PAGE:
Sundance ’15: Cinematographer Sean Price Williams on Shooting Christmas Again
In an interview elsewhere on this site, director Charles Poekel said he wanted his feature Christmas, Again to look like a “Christmas tree ornament from your attic.” With that directive, what better D.P. to hire than Sean Price Williams? His love of and delicate touch with celluloid — its textures, its organic feel — shine through in such films as Listen Up, Philip and The Black Balloon. And his mobile camerawork and ability to shapeshift to whatever the production environment dictates made him an ideal collaborator for Poekel, who was shooting his first feature in his own Christmas tree stand during the New York holiday season.
Christmas, Again, screening in Sundance’s NEXT section, stars Kentucker Audley and Hannah Gross in a melancholy romance set in the wintery shadows of the holiday lights. Below, Williams discusses those lights as well as film stock, loneliness and ’80s Godard.
Filmmaker: How and why did you wind up being the cinematographer of your film? What were the factors and attributes that led to your being hired for this job?
Williams: I have known Charlie [Poekel] for years and was excited about the project when he first talked about it so long ago. He was very insistent that we would shoot on film which was another way to my heart. We did a test back then, to relieve his concerns of shooting 16mm in a primarily night exterior film. I assured him that film was very flexible and would, in fact, yield the most lovely results in that situation.
Filmmaker: What were your artistic goals on this film, and how did you realize them? How did you want your cinematography to enhance the film’s storytelling and treatment of its characters?
Williams: The film has a very lonely feeling to it. I wanted the tree stand to feel like a bright island surrounded by black night. People come into it from the darkness. From black. We don’t know where they came from nor where they go. Daylight provides him his only escape, but it is also unwelcome and harsh.
Filmmaker: What were the biggest challenges posed by production to those goals?
Williams: We had nowhere to escape from the cold except inside the tiny trailer, which was also a major set, and Charlie’s apartment which was about five minutes away. I am into shooting in extreme climates as long as it appears in the film. So I was just hoping the lead actors looked as uncomfortable as all of us felt.
Filmmaker: What camera did you shoot on? Why did you choose that camera? What lenses did you use?
Williams: We shot on an Aaton Super 16mm camera. There is no reason to choose any other camera if one is shooting on 16mm in my opinion. I had used the same exact camera in Cuba the year before so I had faith in it entirely. We shot with some older Zeiss lenses. I had just been watching all the Godard films during the retrospective that fall, and I just love his ’80s films. And the triangular bokeh of those particular lenses made even more sense as they look like little Christmas trees…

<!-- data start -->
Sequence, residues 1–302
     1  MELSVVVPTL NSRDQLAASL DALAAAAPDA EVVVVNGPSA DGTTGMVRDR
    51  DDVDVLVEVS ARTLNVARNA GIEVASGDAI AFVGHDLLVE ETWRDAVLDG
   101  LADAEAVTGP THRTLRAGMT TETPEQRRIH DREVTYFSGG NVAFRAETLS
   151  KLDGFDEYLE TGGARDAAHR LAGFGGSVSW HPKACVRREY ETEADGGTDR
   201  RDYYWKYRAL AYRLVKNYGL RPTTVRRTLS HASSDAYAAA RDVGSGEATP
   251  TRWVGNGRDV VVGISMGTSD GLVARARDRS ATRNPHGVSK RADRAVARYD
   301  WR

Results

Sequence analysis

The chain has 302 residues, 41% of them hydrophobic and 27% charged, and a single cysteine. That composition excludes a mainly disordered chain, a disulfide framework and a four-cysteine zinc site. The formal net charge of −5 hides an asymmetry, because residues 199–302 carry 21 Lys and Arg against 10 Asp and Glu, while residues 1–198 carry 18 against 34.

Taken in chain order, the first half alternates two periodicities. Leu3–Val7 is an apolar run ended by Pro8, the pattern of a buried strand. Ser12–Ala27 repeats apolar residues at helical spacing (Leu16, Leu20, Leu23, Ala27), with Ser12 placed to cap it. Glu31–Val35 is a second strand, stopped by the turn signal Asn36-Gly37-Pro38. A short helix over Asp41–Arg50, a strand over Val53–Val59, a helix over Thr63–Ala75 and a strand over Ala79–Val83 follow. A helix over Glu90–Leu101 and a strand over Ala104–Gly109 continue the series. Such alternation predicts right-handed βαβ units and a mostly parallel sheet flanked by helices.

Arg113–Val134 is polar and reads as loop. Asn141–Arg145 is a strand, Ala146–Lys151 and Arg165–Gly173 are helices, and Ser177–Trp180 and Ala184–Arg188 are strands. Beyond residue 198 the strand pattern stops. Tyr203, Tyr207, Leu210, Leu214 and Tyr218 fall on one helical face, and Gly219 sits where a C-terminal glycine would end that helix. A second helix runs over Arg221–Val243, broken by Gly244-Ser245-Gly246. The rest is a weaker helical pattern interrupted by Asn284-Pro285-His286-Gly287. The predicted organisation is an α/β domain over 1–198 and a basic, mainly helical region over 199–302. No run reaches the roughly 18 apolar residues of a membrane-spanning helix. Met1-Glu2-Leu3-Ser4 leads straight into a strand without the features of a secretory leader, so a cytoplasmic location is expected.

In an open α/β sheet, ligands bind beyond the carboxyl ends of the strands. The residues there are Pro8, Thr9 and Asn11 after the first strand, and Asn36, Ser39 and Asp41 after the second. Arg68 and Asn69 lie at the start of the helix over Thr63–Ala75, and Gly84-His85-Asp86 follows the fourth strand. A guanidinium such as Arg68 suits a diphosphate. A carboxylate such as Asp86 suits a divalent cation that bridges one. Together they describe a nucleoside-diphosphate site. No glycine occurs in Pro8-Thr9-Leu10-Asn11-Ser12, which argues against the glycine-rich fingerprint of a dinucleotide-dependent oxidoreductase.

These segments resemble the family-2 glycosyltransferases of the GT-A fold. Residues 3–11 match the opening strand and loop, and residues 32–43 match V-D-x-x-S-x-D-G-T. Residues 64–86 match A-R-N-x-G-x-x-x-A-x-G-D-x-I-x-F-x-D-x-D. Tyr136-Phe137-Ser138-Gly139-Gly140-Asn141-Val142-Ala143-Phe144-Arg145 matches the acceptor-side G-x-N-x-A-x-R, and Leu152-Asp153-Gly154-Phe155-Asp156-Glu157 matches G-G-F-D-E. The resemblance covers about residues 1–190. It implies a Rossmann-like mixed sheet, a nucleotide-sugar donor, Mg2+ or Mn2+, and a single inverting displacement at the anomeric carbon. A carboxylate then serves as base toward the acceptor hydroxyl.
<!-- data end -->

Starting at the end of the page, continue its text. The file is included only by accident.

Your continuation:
Filmmaker: Describe your approach to lighting.
Williams: I asked that Charlie and Trevor [Peterson] put up two or three times the amount of Christmas lights than normal knowing that it would be not only prettier art direction, but that it would provide most of our practical light. We had no film lights. Just the practicals and a few clamp lights with tungsten bulbs that we would move around to fill in. We also had a china ball in the trailer of the stand to enhance the existing light in there.
Filmmaker: What was the most difficult scene to realize and why? And how did you do it?
Williams: There were a few challenging scenes. Whenever there is action outside of the stand at night, I didn’t want to really light much as I was afraid it would ruin the effect of the emptiness beyond. So I would take some risks. I am pretty happy with how they turned out, but at the time of shooting I was a little nervous that it would be a mess. Shooting the scene with Kentucker and Hannah waiting for the tea flower was tricky for a few reasons, lighting and space/coverage. But I couldn’t be happier with how that turned out as to me it is clearly the most wonderful part of the film.
Filmmaker: Finally, describe the finishing of the film. How much of your look was “baked in” versus realized in the DI?
Williams: I would say 100% of the look was baked in. The dailies were gorgeous. I was in Greece when the film had to go to color correct. I told the guys at Metropolis (where I always try to do post) and Charlie to just make it look like the dailies. So Charlie and Jason Crump did it without me, and when I watched the film in Locarno, I forgot that I wasn’t even there for that often crucial step. I always try to get it as close to right as possible in the shooting. I am still old fashioned, maybe, plus you never know where you will be when the film has to be finished all of a sudden for a goddamn festival.